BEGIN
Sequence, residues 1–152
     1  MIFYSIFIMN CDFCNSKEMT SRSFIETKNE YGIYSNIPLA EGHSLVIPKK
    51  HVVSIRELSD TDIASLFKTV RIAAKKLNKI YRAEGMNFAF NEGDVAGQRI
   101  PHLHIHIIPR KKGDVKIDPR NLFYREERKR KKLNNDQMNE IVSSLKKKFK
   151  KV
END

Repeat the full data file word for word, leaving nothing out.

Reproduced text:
Sequence, residues 1–152
     1  MIFYSIFIMN CDFCNSKEMT SRSFIETKNE YGIYSNIPLA EGHSLVIPKK
    51  HVVSIRELSD TDIASLFKTV RIAAKKLNKI YRAEGMNFAF NEGDVAGQRI
   101  PHLHIHIIPR KKGDVKIDPR NLFYREERKR KKLNNDQMNE IVSSLKKKFK
   151  KV